Sunday, November 15, 2009

Sunday Morning in Crown Heights: Free Admission for Early Birds at the Brooklyn Children's Museum

This morning, after doing our power yoga and chores, we got on the B43 bus at Graham and Metropolitan and took it down to the new Brooklyn Children's Museum at Brooklyn Children's Museum on Brooklyn Avenue and St. Marks Place in Crown Heights.

It's the same location it was when it was built as the world's first children's museum. We can vividly recall being taken to the old 19th century buildings as a child in the 1950s by our parents and on at least one school trip in second grade at P.S. 203.

There's one specific memory from the long-torn down Victorian mansion that day: We were sitting with the class in a room at heavy (but low to the ground) wooden tables, waiting for a lecturer or workshop leader. Although we can't remember what our activity was, we remember our thoughts as we waited silently and looked around at our classmates - Linda Konner, Lindy Krulewitz, Billy Sherman, Steve Kahn, Clifford Schwartz and the rest - and at the dark paneling of the room and at the trees and grass outside from the windows. And we had the weird notion that time would pass and one day we would be grown up and so would all the other kids and that things might change in a way that seemed scary but kind of interesting.

At the newly renovated, Rafael Viñoly-designed Brooklyn Children's Museum, admission is free - our cheapskate's preferred price - if you come before 11 a.m. on the second weekend of the month. The bus got us to wonderful Brower Park just before the museum opened at 10 a.m.

The fall colors at the park looked nice. It seems a long time since we were last here, for a hip-hop concert in August.

We followed in a large Muslim family and were told, yes, we didn't have to pay anything. Since we were unaccompanied by a child, we had to go to the security desk while the guard checked our Arizona driver's license and wrote down the information.

The Brooklyn Children's Museum is a great treat for any child. It's a lot nicer than the kind of well-meaning but dour exhibits we saw back in the Eisenhower administration. It's designed for kids.

Here's a professional review from the New York Times critic Edward Rothstein. We just wandered around and looked at stuff and watched the kids loving it. We took a lot of pics but tried to be careful not to take photos where any kids would be recognizable - for reasons of privacy and safety.

The bus stop and bus say "World Brooklyn," and inside the "bus" kids can play and watch a video about the different world cultures that live in the borough.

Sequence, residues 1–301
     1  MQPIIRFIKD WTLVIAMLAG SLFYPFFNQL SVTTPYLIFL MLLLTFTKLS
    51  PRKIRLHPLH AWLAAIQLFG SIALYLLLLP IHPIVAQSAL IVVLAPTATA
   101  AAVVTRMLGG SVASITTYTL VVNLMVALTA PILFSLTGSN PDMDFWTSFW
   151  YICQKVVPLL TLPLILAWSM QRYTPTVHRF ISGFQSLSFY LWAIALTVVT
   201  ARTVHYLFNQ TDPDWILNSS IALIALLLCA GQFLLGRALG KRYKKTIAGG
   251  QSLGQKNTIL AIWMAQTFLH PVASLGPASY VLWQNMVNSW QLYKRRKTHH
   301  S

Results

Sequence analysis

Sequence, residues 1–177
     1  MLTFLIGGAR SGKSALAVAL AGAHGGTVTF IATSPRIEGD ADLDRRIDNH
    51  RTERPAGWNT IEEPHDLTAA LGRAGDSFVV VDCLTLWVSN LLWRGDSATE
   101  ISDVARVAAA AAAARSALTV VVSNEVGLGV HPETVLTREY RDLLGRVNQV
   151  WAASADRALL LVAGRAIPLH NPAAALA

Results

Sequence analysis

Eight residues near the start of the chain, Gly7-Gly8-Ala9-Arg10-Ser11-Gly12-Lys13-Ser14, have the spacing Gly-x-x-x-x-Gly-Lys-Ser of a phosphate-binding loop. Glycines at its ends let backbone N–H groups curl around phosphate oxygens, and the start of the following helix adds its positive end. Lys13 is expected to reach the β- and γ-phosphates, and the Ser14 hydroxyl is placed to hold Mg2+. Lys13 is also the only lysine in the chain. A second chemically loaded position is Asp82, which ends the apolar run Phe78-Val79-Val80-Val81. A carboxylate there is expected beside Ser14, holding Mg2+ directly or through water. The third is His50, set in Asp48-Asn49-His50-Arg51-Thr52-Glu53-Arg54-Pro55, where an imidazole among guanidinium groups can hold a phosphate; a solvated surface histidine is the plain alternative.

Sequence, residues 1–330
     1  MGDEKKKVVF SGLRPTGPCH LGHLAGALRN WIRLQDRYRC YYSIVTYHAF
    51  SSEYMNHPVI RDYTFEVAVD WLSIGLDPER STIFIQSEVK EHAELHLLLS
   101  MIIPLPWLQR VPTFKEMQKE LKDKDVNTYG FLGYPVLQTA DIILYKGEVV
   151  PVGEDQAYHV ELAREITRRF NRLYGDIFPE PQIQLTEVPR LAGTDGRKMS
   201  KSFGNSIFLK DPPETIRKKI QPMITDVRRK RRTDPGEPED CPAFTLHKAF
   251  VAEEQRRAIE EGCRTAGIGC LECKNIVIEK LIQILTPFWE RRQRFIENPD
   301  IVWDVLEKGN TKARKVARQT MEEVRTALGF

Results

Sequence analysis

Nearby were stores representing a Chinese bookstore, a Mexican bakery, an African crafts store, a Latin American travel agency, an Italian pizzeria, etc.

There was a video of the Lions Dance in Sunset Park for Chinese New Year and a real-life "lion" nearby.

Outside "Spumoni's Pizzeria" was an Italian motorbike.

There was nature around: trees, for example.

In search of the Asian longhorned beetle...

For budding Nabokovs, butterflies.

Sand dunes are represented, and there's a sandbox too, along with a sea turtle board game and the kinds of ducks you'll find at the Gerritsen Creek salt marsh.

What kid doesn't love a platypus?

There were videos of an environmental education program involving marine life from Plumb Beach.

We went upstairs, which was pretty empty except for us earlybirds.

There's an outside area with bleachers.

There's a big display of TV show lunchboxes, maybe 15 or 20, including Roy Rogers. We remember waking up early in our East Flatbush apartment on Saturday mornings and we watched Roy and Dale, Trigger and their kids - along with Hopalong Cassidy and "Andy's Gang."

We wrote about Julia, starring Diahann Carroll, in our story "Seven Sitcoms."

And there's Brooklyn-based Welcome Back, Kotter with the Sweathogs in this peachy-keen lunchbox.

Kids hung up some drawings on a bulletin board.

An office to play in, just like grownups do.

Kids' books and magazines by a couch.

There were no kids up there when we were there, not till just before we left, but lots of fun stuff.

And the current exhibit, a toy workshop with a spy theme.

And trilingual signage.

Figure out what these signs say once you crack the secret code.

Dolls from different countries on display.

The whole Brooklyn Children's Museum seemed like a kid's playhouse to us.

We wish it had been more like this half a century ago.

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